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Metal-Catalyzed Regiodivergent Cyclization of -Allenols Tetrahydrofurans versus Oxepanes.

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DOI: 10.1002/anie.200701611
Synthetic Methods
Metal-Catalyzed Regiodivergent Cyclization of g-Allenols:
Tetrahydrofurans versus Oxepanes**
Benito Alcaide,* Pedro Almendros,* and Teresa Martnez del Campo
Dedicated to Professor Vicente Gotor on the occasion of his 60th birthday
Tetrahydrofuran and oxepane ether rings are ubiquitous
structural units that are extensively encountered in a number
of biologically active natural products and functional molecules. Therefore, the development of synthetic methods for
their construction has attracted much attention.[1] On the
other hand, the allene moiety has developed from almost a
rarity to an established member of the weaponry used in
modern organic synthetic chemistry.[2] In particular, transition-metal-catalyzed cyclization of functionalized allenes
bearing a nucleophilic center has attracted much attention.[3]
However, regioselectivity problems are significant (endo-trig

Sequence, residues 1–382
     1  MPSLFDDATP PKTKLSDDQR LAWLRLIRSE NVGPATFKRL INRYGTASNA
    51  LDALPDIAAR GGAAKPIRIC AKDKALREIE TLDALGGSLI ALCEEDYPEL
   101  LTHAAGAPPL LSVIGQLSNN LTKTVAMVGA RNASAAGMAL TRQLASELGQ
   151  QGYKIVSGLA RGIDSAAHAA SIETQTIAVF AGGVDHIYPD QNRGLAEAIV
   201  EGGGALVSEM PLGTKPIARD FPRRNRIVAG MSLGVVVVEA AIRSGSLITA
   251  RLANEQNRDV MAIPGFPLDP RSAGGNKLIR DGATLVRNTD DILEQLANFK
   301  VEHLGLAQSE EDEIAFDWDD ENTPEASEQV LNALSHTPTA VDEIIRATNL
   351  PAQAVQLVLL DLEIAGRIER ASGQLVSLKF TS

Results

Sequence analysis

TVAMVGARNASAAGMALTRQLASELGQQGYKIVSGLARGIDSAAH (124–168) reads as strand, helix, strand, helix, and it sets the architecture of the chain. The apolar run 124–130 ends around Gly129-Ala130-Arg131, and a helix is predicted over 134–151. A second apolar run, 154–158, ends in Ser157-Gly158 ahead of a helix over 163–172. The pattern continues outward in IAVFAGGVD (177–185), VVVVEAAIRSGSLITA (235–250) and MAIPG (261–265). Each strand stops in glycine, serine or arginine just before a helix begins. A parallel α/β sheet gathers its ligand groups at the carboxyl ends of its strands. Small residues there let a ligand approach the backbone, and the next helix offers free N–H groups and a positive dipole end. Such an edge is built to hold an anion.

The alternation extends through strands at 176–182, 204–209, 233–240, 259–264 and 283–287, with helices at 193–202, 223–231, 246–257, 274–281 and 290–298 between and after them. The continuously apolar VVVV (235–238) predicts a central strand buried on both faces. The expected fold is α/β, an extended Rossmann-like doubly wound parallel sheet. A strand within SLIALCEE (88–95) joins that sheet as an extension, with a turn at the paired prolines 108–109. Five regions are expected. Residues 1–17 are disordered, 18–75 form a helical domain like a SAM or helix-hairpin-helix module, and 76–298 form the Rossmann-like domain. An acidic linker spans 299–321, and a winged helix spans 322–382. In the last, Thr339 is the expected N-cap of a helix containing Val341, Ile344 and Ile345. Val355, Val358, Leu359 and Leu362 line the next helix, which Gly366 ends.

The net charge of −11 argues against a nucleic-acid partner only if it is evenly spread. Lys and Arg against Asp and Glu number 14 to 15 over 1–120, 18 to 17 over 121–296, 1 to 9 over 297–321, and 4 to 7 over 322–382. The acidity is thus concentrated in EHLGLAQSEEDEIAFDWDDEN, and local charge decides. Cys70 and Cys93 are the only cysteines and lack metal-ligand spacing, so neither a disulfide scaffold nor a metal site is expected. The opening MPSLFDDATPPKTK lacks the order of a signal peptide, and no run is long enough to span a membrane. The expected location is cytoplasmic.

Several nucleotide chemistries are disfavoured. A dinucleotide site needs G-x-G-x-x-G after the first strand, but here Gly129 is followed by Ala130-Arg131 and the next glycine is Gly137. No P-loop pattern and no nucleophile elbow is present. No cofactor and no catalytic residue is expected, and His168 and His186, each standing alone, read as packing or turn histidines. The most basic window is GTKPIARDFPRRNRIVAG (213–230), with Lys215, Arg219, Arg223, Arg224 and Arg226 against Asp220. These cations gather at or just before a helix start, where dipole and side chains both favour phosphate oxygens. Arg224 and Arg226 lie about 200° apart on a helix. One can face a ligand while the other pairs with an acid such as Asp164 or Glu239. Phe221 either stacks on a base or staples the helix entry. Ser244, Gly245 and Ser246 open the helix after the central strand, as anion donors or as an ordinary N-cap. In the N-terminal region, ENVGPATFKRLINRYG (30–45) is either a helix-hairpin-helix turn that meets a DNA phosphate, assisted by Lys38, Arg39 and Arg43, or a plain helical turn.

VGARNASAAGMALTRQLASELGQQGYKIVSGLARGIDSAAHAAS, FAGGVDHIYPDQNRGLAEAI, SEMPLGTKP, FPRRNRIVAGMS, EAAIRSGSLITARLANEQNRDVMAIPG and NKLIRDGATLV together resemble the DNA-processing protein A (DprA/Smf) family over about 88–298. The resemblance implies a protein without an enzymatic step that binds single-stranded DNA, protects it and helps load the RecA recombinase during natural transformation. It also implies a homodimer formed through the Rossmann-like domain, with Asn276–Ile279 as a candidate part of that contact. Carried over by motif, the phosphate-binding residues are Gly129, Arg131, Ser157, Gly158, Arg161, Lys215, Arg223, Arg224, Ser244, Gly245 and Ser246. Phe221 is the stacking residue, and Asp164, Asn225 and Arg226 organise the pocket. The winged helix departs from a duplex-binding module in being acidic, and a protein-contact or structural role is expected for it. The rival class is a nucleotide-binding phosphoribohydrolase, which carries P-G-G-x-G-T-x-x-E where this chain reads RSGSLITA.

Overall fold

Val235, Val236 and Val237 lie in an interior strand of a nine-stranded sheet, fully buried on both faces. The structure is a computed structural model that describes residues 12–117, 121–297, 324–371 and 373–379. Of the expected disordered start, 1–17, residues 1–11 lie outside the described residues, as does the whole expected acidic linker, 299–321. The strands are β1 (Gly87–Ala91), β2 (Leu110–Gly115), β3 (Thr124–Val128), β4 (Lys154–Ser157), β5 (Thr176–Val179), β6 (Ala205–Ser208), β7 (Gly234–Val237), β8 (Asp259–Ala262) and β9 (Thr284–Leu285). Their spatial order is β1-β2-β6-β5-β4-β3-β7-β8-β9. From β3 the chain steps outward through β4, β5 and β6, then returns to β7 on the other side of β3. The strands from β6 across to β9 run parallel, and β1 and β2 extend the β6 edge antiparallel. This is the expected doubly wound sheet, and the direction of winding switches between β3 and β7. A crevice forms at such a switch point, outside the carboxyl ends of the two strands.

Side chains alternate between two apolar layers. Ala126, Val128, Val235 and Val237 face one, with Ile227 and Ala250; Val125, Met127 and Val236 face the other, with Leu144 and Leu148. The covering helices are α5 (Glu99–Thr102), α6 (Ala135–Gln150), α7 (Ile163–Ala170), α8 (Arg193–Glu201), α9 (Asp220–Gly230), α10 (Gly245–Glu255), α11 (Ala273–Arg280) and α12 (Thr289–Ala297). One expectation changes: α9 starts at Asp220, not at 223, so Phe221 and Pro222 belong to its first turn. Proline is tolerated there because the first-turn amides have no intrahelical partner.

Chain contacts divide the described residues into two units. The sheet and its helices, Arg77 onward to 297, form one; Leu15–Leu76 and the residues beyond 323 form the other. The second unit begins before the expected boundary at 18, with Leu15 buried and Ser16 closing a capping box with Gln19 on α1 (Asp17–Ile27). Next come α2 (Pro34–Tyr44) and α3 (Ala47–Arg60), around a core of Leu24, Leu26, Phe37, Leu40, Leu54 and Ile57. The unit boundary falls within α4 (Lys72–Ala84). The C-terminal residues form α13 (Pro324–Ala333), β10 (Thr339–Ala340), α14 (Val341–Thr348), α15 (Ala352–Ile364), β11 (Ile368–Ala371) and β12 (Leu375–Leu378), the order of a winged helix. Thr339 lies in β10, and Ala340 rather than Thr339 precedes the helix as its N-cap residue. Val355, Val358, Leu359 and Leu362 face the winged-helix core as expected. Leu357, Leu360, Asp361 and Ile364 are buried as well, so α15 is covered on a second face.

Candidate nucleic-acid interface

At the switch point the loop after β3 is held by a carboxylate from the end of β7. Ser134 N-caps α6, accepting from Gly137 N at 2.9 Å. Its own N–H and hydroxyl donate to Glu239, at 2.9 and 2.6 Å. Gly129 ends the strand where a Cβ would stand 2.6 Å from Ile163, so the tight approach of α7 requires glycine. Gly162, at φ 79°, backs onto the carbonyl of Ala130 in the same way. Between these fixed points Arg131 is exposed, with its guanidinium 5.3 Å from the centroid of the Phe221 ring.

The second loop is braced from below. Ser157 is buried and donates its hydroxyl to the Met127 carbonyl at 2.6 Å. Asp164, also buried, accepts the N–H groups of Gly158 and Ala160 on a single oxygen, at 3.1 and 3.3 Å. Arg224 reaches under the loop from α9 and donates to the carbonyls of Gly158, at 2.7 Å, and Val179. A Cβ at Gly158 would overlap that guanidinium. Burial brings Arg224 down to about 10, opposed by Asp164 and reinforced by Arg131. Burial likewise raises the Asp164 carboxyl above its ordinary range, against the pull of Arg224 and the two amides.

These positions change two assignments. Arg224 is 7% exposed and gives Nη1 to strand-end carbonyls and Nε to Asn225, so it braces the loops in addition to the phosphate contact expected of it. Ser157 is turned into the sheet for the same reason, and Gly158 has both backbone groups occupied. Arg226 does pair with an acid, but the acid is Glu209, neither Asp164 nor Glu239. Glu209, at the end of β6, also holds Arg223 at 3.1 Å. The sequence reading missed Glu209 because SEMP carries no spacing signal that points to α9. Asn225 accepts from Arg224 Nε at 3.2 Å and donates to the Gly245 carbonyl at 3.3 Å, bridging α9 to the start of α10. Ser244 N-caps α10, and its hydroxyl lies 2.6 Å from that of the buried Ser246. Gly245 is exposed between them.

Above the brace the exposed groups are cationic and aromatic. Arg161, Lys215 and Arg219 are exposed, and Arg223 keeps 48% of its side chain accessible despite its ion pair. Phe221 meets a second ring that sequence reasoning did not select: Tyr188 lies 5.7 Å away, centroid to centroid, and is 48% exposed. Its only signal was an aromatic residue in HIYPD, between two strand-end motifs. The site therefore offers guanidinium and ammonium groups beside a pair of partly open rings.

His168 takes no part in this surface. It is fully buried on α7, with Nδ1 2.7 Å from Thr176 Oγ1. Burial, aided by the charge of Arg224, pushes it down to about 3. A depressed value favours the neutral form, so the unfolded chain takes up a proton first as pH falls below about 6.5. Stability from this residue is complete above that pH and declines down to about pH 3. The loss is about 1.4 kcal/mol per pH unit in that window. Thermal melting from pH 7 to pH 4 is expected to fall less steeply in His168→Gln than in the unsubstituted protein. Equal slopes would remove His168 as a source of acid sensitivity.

versus exo-dig versus exo-trig cyclization). In continuation of
our interest in heterocyclic and allene chemistry,[4] we have
now discovered examples in which, by either changing the
metal or using a protecting group, the 5-exo-trig cyclization
pathway of g-allenols can be completely reversed and 7-endotrig alkoxycyclization dominates instead.
Precursors for the formation of tetrahydrofuran and
tetrahydrooxepine, enantiopure g-allenols 3 a–d, were readily
prepared in good overall yield beginning from the appropriate carbaldehydes 1 a–d by a regiocontrolled, indium-mediated, Barbier-type carbonyl–allenylation reaction in aqueous
media to give a-allenols 2 a–d (see Supporting Information,
Table 1),[5] followed by protecting-group manipulation
(Scheme 1).
We decided to use g-allenol 3 a as initial substrate in a
screen to identify regioselective hydroalkoxylation catalysts.
Thus, [PtCl2(CH2=CH2)]2 and AgNO3 afforded a rather low
yield or a disappointing diastereomeric mixture of bicyclic
compound 4 a.[6, 7] Although AgNO3 was less diastereoselec[*] Prof. Dr. B. Alcaide, Dipl.-Chem. T. Mart@nez del Campo
Departamento de Qu@mica OrgBnica I
Facultad de Qu@mica
Universidad Complutense de Madrid
28040 Madrid (Spain)
Fax: (+ 34) 91-394-4103
Dr. P. Almendros
Instituto de Qu@mica OrgBnica General
Consejo Superior de Investigaciones Cient@ficas (CSIC)
Juan de la Cierva 3, 28006 Madrid (Spain)
Fax: (+ 34) 91-564-4853
[**] Support for this work by the DGI-MCYT (Project CTQ2006-10292) is
gratefully acknowledged. T.M.C. thanks the MEC for a predoctoral
Supporting information for this article is available on the WWW